2018 International Congress on Medieval Studies Program

November 26, 2017 in Abstracts of Conference Papers, Announcements, Conference, Conference Announcement, Index of Medieval Art, International Congress on Medieval Studies, Kalamazoo, Uncategorized

Sessions & Events
Sponsored and Co-Sponsored
by the Research Group on Manuscript Evidence
at the 53rd International Congress on Medieval Studies
10–13 May 2018

With the completion of our Call for Papers for the 2018 Congress, we prepare the Programs for our Sessions and other Events, Reception and Open Business Meeting included. In due course, we will, as customary, post the Abstracts of Papers and Response, as their Authors permit.

Background and Foreground

The course of announcements and reports about the 2018 Congress may follow the sequence of previous years. For example, for the 2017 Congress, we announced the Plans and the Call for Papers (which has a deadline of 15 September), the Program (once the Sessions are designed from the responses to the Call for Papers), then an updated version or versions of the Program with the addition of the Abstracts and other news (same URL), and, once the Congress is accomplished, a Report as well as, it may be, a Report Behind the Scenes.

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Logo of the Research Group on Manuscript Evidence (colour version)As in recent years, we co-sponsor Sessions with the Societas Magica (3 Sessions), and we co-sponsor a Reception.

Also, like the 2017 Congress, we plan for

It will be the 13th year of our co-sponsorship with the Societas Magica, and our 3rd year of co-sponsorship with the Index of Christian Art at Princeton University, now (since 2017) known as the Index of Medieval Art at Princeton University.

As usual, we aim to publish the Abstracts for the accepted Papers as the preparations for the Congress advance. Abstracts for previous Congresses appear in the Congress Abstracts, listed by Year and by Author.]

Background and Foreground

Glimpses of our co-sponsored Receptions at the Congress appear in the souvenirs of our Celebrations and in the Reports for the individual Congresses (2016, 2015, and 2014 Anniversary).

Agenda for 2017 Open Business Meeting of the Research Group on Manuscript Evidence. 1-page Agenda set in RGME Bembino.

2017 Business Meeting Agenda

The Agendas for our Open Business Meetings are available for your inspection and perusal:

These 1-page statements serve as concise Reports for our Activities, Plans, and Desiderata.

While we’re here: Interesting, isn’t it, that these Agendas have rapidly become one of our Most-Downloaded Offerings? Some of them now stand among the Top 5 Most Popular Downloads on our site.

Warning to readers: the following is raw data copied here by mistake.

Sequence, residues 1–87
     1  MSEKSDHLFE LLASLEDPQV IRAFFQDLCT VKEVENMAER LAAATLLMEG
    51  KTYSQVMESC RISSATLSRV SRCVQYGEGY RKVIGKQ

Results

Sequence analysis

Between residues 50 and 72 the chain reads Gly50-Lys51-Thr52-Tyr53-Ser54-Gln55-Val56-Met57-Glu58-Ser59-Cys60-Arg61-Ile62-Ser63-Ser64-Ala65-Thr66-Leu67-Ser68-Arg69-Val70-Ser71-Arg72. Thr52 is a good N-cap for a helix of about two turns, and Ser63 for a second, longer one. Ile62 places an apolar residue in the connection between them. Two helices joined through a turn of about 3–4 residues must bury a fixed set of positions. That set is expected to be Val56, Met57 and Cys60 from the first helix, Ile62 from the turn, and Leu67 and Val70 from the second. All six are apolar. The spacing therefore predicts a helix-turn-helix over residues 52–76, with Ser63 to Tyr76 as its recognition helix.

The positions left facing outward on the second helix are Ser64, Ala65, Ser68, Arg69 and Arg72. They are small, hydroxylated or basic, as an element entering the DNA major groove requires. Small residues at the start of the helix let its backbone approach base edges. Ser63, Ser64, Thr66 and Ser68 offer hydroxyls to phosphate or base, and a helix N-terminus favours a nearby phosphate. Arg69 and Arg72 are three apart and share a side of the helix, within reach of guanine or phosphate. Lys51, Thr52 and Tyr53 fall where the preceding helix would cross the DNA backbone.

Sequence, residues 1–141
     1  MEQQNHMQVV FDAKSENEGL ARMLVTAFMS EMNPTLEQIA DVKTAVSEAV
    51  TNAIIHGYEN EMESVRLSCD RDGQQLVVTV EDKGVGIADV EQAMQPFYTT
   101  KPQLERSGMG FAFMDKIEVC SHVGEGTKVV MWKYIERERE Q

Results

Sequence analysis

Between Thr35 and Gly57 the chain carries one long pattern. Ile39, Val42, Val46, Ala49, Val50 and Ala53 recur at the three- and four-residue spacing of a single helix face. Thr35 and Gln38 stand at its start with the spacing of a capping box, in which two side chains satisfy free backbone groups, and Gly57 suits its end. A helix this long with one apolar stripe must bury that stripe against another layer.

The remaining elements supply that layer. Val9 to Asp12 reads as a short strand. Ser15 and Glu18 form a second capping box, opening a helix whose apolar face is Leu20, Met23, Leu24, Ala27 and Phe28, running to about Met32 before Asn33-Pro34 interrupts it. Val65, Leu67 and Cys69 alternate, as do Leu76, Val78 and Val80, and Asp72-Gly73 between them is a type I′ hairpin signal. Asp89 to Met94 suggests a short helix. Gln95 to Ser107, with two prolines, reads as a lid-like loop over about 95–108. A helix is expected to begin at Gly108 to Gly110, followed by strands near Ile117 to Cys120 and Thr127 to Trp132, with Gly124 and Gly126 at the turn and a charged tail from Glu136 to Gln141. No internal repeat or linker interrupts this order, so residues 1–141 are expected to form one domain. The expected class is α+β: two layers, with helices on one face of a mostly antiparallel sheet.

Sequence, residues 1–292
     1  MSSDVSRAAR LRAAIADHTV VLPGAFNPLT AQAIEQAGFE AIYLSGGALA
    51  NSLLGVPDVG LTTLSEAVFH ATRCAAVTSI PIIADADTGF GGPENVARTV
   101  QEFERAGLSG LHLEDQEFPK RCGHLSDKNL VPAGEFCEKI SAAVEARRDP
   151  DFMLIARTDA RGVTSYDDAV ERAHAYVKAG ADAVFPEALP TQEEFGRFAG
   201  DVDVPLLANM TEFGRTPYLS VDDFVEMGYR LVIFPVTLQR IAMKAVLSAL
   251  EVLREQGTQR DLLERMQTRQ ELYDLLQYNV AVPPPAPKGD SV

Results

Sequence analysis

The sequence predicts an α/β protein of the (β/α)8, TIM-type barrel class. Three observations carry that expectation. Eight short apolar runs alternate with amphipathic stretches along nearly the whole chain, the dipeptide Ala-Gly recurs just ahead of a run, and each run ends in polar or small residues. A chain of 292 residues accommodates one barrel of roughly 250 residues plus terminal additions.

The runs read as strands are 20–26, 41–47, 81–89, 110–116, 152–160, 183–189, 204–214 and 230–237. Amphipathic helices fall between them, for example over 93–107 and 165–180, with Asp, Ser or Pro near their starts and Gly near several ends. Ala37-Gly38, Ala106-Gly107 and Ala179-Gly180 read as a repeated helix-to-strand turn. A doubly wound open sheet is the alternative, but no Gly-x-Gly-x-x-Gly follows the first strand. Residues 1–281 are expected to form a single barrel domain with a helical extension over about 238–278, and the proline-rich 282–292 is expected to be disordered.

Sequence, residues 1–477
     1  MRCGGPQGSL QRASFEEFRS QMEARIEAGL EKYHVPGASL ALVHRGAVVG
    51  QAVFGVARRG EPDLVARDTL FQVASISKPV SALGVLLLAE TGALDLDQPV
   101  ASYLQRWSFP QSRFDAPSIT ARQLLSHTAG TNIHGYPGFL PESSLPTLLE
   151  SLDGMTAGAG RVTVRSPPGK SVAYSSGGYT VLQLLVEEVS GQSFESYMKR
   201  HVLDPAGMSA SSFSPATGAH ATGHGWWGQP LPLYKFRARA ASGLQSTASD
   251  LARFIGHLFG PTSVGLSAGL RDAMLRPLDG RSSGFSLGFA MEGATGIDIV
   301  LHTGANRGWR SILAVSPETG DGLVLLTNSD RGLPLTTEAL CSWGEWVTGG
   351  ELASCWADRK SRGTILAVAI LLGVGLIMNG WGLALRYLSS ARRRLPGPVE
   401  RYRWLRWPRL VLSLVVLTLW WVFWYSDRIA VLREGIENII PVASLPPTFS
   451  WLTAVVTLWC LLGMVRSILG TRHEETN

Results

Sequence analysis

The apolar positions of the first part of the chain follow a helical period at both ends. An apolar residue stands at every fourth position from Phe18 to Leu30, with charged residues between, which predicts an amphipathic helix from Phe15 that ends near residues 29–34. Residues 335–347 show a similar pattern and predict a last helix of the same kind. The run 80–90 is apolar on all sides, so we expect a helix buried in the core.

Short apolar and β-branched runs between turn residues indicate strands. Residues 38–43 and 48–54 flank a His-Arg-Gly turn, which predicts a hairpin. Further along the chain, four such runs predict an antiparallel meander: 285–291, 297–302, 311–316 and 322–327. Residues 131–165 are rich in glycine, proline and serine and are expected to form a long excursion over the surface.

The most popular downloads still remain our copyright and FREE multilingual digital font Bembino, and some Booklets from our Symposia and Colloquia. So far, those “best sellers” — they are FREE — include:

These publications, like most of our Publications, are FREE, but we welcome donations, both in funds and in kind, for our nonprofit mission, also with the option of tax-deduction for your Donations.

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And now, here is the plan for 2018 at the International Congress on Medieval Studies. We announce the Programs for our Sessions, describe their aims and scope, and outline our other Events.

Sessions for the 2018 Congress

Logo of the Research Group on Manuscript Evidence (colour version)I. Sponsored by the Research Group on Manuscript Evidence

1. Manuscript (Trans)formations: Transmission and Reception

This session will consider how manuscripts and their contents have changed over time, by focusing on transmission and reception history, so as to understand better how the material witnesses to these processes — including copying, scholia, glosses, marginalia, excisions, palimpsests — convey meaning. Guiding research questions include but are no means limited to, these issues:

  • How have transmission processes affected texts (and vice versa)?
  • How have the actions of readers and scribes contributed to the form in which manuscripts are currently preserved?
  • How are the history of ideas and texts related, as attested by extant manuscripts from the Middle Ages?

The session aims to provide a clearer understanding of the processes through which texts have been transmitted and preserved through and within manuscripts, resulting in a more dynamic conception of how material texts interact with the world. Examples might offer new discoveries and applicable methodologies.

Paris, BnF, MS latin 17987, folio 46 recto. Horaces 'Odes' (Carmina), Book IV.10-11 with commentary. Via gallica.bnf through Creative Commons.

Paris, BnF, MS latin 17987, folio 46 recto. Horaces ‘Odes’ (Carmina), Book IV.10-11 with commentary. Via gallica.bnf through Creative Commons.

Co-organizers

Derek Shank (Research Group on Manuscript Evidence)
Justin Hastings English Department, Loyola University Chicago)

Presider

Derek Shank

Presenters

Justin Hastings
“Allegoresis, Source-Text, and Paratextual Distortions:
Horace’s Ode 4.10 in Paris, Bibliothèque nationale de France, MS Latin 17897

Rachael McNelis (Case Western Reserve University)
“A Labyrinthine Puzzle:
Musical, Textual, and Visual Discourse in En la maison Dedalus